ONE win is all it has taken to propel Glasgow from a side struggling to make the RaboDirect PRO12 play-offs to one that could make it all the way to the final.

That is how important the win at Thomond Park could be to their season, especially if they can convert the euphoria of this result into victory over Ulster on Friday in the last of their run of matches with fellow title contenders.

The importance is this: with a game in hand, Glasgow are three points behind Munster and five behind Ulster, the side currently second and looking for a home draw in the knockout stage. Since the PRO12 reintroduced play-offs four years ago, no team has lost a home semi-final, so if Glasgow can overtake the two Irish provinces they would be favourites to reach their first final.

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Once there, anything is possible, particularly since they have beaten all the other contenders at least once in this campaign.

Not that Gregor Townsend, the head coach, or his players are looking that far ahead. Ulster are equally focused on staying in the top two, while the three games after that are all potentially tricky - the derby element of the Edinburgh game makes it unpredictable, while the final two matches are against the Italian sides competing with each other for their country's place in next season's Champions Cup.

"We will look at each opposition as they come, we know that a top-two place is within our destiny if we were to go through the last four games unbeaten - Ulster have to play Munster as well - but first there are two huge games coming up for us, Ulster and then the 1872 Cup," Townsend said.

But, when you look at this performance - undoubtedly their best of the season - you realise there is no reason why they should fear any of them.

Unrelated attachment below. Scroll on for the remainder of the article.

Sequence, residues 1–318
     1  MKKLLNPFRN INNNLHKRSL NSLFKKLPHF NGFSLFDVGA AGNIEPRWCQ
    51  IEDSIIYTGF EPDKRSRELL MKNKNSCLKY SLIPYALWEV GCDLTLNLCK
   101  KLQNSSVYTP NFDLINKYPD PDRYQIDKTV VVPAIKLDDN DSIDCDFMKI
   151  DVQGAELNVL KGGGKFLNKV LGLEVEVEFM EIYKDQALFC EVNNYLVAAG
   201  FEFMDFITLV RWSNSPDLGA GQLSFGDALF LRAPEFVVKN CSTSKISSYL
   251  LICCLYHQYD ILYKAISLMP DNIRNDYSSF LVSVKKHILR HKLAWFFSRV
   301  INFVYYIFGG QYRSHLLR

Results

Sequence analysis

The pitch helped. For Josh Strauss, the South African flanker and man of the match, it was as close as any experience in Europe to the kind of conditions they take for granted in the southern hemisphere.

"I felt like the ball never stopped in the first half, up and down and we didn't get a set piece to catch our breath," he said. "It was all running, defending and attacking. You miss that when you come from the southern hemisphere, it was a great field in great nick, a lot quicker than we were used to in the last few months. I think the boys really enjoyed it. If the weather was as sunny as in the south, the rugby would be as quick and you saw that in this game.

"Munster showed what a good team they are: especially in the second half when we had to defend for dear life just to keep them out, so we are very happy with the win."

It was a game of contrasts. In the first half Glasgow produced a near-flawless attacking display with Jonny Gray, Sean Maitland and Strauss all crossing for tries that rocked the Irish players and silenced the usually vociferous Thomond Park crowd.

The second half almost produced the bonus-point try, but Ryan Wilson could not get the ball past the Munster hand under it.

After that it was all about keeping out the opposition as Glasgow lived up to the statistics that show they have the best defence in the league - which went on to produce a scoreless second period.

"We executed well and took our opportunities," said Strauss. "When we got into the attacking zone, we finished it off, which is something we have been working on for a while because it has not always been spot on this season. We were very happy to go in at half-time with that lead and just a bit unlucky we could not get that fourth try.

"Munster came out firing in the second half. There was a lot of scramble defence and the boys showed a lot of character, getting back, turning the ball over and putting in the hits that forced them out.

"We were holding on for dear life at some stages. It was really tiring but it shows how much it means to us."